and Characters. CharUtils exists for this purpose, while CharSetUtils exists for set-manipulation
of Strings. Be careful, although CharSetUtils takes an argument of type String, it is only
as a set of characters. For example, 'CharSetUtils.delete("testtest", "tr")' will remove all
t's and all r's from the String, not just the String "tr". </p>
  +     <p>CharRange and CharSet are both used internally by CharSetUtils, and will
probaby rarely be used. </p>
       </subsection>
   
  -    <subsection name="SystemUtils">
  +    <subsection name="JVM interaction - SystemUtils, CharacterEncoding">
        <p>SystemUtils is a simple little class which makes it easy to find out information
about which platform you are on. For some, this is a necessary evil. It was never something
I expected to use myself until I was trying to ensure that Commons Lang itself compiled under
JDK 1.2. Having pushed out a few JDK 1.3 bits that had slipped in (Collections.EMPTY_MAP is
a classic offender), I then found that one of the Unit Tests was dying mysteriously under
JDK 1.2, but ran fine under JDK 1.3. There was no obvious solution and I needed to move onwards,
so the simple solution was to wrap that particular test in a 'if(SystemUtils.isJavaVersionAtLeast(1.3f))
{', make a note and move on. </p>
  +     <p>The CharacterEncoding class is also used to interact with the Java environment
and may be used to see which character encodings are supported in a particular environment.
</p>
  +    </subsection>
  +
  +    <subsection name="Serialization - SerializationUtils, SerializationException">
  +     <p>Serialization doesn't have to be that hard! A simple util class can take
away the pain, plus it provides a method to clone an object by unserializing and reserializing,
an old Java trick.</p>
       </subsection>
   
  -    <subsection name="SerializationUtils">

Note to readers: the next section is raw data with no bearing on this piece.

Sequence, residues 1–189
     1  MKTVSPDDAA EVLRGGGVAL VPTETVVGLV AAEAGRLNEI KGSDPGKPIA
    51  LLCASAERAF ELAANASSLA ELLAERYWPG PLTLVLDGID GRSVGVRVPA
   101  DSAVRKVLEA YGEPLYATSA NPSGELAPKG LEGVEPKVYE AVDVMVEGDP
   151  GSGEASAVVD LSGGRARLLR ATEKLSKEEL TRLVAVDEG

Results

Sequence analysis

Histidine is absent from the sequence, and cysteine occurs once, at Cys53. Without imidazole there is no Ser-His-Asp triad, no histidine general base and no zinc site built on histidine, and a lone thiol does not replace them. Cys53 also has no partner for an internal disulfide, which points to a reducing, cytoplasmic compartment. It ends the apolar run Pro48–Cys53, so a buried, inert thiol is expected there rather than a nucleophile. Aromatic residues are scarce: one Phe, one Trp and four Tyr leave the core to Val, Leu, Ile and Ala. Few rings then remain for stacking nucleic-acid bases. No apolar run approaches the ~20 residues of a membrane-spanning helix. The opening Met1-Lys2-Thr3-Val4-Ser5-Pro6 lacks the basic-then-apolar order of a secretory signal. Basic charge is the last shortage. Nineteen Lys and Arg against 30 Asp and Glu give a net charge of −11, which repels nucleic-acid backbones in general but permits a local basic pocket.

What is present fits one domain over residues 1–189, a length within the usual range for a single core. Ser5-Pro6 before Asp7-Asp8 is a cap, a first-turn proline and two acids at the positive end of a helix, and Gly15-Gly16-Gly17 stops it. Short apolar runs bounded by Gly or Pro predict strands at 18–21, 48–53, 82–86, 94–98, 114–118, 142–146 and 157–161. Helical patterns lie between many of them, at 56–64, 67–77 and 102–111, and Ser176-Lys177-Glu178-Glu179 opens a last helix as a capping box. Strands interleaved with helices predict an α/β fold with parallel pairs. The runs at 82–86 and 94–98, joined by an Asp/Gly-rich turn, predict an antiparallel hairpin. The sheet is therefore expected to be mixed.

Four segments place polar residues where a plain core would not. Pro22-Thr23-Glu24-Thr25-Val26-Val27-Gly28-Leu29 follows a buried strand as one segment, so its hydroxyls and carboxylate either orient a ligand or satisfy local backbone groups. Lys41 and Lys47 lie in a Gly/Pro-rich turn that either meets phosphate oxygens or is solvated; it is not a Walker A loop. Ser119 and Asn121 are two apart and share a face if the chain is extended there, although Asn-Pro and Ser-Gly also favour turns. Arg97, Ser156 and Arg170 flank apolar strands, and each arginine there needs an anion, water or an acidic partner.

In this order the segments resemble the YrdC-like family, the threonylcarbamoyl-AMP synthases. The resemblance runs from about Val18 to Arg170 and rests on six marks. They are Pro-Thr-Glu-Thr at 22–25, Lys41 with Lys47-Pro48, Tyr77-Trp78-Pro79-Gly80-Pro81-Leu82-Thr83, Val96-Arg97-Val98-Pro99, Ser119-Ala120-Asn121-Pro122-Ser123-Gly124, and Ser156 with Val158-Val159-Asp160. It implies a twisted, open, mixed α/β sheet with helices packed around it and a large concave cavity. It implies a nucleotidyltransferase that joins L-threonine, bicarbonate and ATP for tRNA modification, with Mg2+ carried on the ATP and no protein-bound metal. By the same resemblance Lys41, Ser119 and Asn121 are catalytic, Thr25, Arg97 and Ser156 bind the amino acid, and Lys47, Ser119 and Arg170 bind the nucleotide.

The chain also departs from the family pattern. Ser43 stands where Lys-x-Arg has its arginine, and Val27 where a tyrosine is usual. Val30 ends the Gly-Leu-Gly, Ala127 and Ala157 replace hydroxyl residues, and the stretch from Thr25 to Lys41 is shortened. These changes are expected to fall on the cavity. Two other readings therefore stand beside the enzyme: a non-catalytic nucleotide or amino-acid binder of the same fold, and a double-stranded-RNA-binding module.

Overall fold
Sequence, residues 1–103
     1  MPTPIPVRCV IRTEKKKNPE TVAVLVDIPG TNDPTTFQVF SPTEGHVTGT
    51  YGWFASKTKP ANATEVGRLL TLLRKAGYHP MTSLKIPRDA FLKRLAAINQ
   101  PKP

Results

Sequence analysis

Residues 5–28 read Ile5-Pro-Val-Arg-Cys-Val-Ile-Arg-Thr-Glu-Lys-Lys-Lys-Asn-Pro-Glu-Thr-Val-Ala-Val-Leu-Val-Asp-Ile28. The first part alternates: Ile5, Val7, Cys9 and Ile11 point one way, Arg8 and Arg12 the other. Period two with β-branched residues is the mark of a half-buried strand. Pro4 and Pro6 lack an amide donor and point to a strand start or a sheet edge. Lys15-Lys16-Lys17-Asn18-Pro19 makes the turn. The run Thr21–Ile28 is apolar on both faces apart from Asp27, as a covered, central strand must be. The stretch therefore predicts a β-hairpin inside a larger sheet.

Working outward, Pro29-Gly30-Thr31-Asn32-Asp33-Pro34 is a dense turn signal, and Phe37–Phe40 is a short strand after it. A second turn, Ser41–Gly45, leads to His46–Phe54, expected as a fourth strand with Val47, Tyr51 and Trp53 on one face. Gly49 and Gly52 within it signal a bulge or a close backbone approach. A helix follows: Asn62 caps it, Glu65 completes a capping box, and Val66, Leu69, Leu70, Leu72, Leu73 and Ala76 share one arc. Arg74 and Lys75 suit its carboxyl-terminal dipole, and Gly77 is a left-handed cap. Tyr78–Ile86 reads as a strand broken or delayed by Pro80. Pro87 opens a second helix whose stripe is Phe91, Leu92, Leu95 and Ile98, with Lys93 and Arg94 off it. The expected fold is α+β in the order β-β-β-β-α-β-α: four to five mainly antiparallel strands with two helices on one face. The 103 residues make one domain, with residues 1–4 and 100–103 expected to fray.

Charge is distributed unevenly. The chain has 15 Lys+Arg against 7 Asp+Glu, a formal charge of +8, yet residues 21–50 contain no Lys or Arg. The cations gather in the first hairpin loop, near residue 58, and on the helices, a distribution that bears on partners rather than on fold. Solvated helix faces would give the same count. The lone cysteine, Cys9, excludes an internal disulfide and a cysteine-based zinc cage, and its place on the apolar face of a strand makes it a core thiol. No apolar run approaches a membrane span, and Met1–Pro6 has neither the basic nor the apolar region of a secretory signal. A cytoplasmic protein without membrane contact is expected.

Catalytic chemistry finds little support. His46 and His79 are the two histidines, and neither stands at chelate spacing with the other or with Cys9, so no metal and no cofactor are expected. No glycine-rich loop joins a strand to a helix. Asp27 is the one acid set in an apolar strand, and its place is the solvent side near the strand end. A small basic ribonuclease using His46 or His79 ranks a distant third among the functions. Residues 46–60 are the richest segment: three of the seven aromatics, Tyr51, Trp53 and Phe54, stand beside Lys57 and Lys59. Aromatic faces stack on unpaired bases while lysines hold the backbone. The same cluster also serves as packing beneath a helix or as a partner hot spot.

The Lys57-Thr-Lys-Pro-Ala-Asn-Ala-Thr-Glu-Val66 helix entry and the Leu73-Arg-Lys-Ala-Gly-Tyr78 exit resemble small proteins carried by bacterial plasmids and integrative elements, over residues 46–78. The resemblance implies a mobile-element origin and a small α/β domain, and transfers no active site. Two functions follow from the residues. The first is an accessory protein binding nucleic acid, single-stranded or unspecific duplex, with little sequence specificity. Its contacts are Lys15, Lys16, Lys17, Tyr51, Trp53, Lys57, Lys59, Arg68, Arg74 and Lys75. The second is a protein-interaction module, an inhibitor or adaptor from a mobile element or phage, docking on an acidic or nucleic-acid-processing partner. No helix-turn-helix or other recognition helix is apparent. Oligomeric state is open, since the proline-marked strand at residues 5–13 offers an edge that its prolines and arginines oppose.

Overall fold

-     <p>Serialization doesn't have to be that hard! A simple util class can take
away the pain. Plus it provides a method to clone an object by unserializing and reserializing,
an old Java trick.</p>
  +    <subsection name="Assorted functions - ObjectUtils, ClassUtils, ArrayUtils, BooleanUtils">
  +     <p>Would you believe it, ObjectUtils contains handy functions for Objects, mainly
null-safe implementations of the methods on java.lang.Object. </p>
  +     <p>ClassUtils is largely a set of helper methods for reflection. Of special
note are the comparators hidden away in ClassUtils, useful for sorting Class and Package objects
by name; however they merely sort alphabetically and don't understand the common habit of
sorting <code>java</code> and <code>javax</code> first. </p>
  +     <p>Next up, ArrayUtils. This is a big one with many methods and many overloads
of these methods so it is probably worth an in depth look here. Before we begin, assume that
every method mentioned is overloaded for all the primitives and for Object. Also, the short-hand
'xxx' implies a generic primitive type, but usually also includes Object. </p>
  +     <ul>
  +      <li>ArrayUtils provides singleton empty arrays for all the basic types. These
will largely be of use in the Collections API with its toArray methods, but also will be of
use with methods which want to return an empty array on error. </li>
  +      <li>add(xxx[], xxx) will add a primitive type to an array, resizing the array
as you'd expect. Object is also supported. </li>
  +      <li>clone(xxx[]) clones a primitive or Object array. </li>
  +      <li>contains(xxx[], xxx) searches for a primitive or Object in a primitive
or Object array. </li>
  +      <li>getLength(Object) returns the length of any array or an IllegalArgumentException
if the parameter is not an array. hashCode(Object), equals(Object, Object), toString(Object)
</li>
  +      <li>indexOf(xxx[], xxx) and indexOf(xxx[], xxx, int) are copies of the classic
String methods, but this time for primitive/Object arrays. In addition, a lastIndexOf set
of methods exists. </li>
  +      <li>isEmpty(xxx[]) lets you know if an array is zero-sized or null. </li>
  +      <li>isSameLength(xxx[], xxx[]) returns true if the arrays are the same length.
</li>
  +      <li>Along side the add methods, there are also remove methods of two types.
The first type remove the value at an index, remove(xxx[], int), while the second type remove
the first value from the array, remove(xxx[], xxx). </li>
  +      <li>Nearing the end now. The reverse(xxx[]) method turns an array around. </li>
  +      <li>The subarray(xxx[], int, int) method splices an array out of a larger array.
</li>
  +      <li>Primitive to primitive wrapper conversion is handled by the toObject(xxx[])
and toPrimitive(Xxx[]) methods. </li>
  +     </ul>
  +     <p>Lastly, ArrayUtils.toMap(Object[]) is worthy of special note. It is not a
heavily overloaded method for working with arrays, but a simple way to create Maps from literals.